Monday, 12 November 2012

The Phenomenon of the Monkees

Written by 
  • Photography by A Arthur Fisher
Rate this item
(5 votes)

The phenomenon of the Monkees is unique in music. When you look them up on Wikipedia, The Monkees “the band” comes up (“This article is about the musical group. For the TV see The Monkees (tv series).”) You see we’re already in a funny place. Are the Monkees a show or a band? Yes. And depending how you imbibed them, and when, depends on your perspective about them. There is a spectrum of feelings about the Monkees; everything from, “they’re a bunch of hack actors” to “they are the soundtrack of my childhood.” Did we love the music because it was sold by their irreverent, fresh-faced cuteness? Maybe. But when you delve deeper, you realize you may have loved the music because it was good. It was written, produced, and played by industry heavies; Glen Campbell consistently on guitar, Carole King, David Gates (later of Bread), and Neil Diamond contributing songs. Don Kirshner (of the Archies and Kansas) producing. And with all those gray areas regarding proper citation, who knows who else may have been involved. You may have loved them because they came together to create something super special; they were musicians and song-writers and actors and what they gave us still lasts and still makes us ask why we love them and how real it was. Well, I saw them live, real, and up close at the Arlington on Friday night. And they were awesome.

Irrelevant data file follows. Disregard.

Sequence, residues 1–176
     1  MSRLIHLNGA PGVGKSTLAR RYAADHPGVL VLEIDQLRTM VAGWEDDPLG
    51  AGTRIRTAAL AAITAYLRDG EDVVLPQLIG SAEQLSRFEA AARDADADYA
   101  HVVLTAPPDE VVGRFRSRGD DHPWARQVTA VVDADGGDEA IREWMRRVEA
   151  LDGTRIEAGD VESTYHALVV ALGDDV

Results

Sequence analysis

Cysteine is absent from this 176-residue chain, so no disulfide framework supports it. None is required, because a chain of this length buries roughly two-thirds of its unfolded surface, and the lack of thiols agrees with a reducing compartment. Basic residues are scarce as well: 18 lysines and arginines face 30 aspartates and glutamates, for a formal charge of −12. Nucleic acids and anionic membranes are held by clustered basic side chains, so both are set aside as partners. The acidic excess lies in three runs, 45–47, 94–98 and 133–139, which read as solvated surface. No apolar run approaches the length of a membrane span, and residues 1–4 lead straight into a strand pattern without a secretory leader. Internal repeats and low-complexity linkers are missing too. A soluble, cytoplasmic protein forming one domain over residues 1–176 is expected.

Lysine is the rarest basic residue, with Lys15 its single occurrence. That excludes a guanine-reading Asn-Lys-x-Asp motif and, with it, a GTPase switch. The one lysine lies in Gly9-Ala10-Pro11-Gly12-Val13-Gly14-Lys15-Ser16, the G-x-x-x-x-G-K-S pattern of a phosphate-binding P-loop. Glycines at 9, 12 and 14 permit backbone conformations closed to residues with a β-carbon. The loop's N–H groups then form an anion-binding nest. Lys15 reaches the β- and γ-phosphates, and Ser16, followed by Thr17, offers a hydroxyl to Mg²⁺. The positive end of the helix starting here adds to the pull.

A live show has an audience, so the crowd is another player in the game. The “vibe” of the room is one of the aspects of the evening, to be sure. Upon entering the theater, there was a palpable excitement in the air; so many people have waited a long time to see them. The Monkees have occasionally toured, and as recently as last year; but last year the lineup was very different. Davy Jones was still alive, and Mike Nesmith was still on hiatus (as he tends to be. Mike has been the least consistent in terms of touring. As heir to the Liquid Paper fortune, I don’t imagine he has to tour if he doesn’t feel like it). There is the heaviness of the fact that Davy is gone. Davy was a showman. He may have seemed like a plucky, cheesy, ladies-man, but he had been nominated for a Tony before he even started on the Monkees. We all secretly know that the Monkees are not the Monkees unless it is all four of them, and yet it has been rare to see all four of them live in concert. Supposedly this tour was started with the idea of doing a memorial for Davy, and a memorial show turned into a small tour. Even though it’s not the same without Davy, the Monkees are a rare occurrence, and so the room was buzzing. People were excited.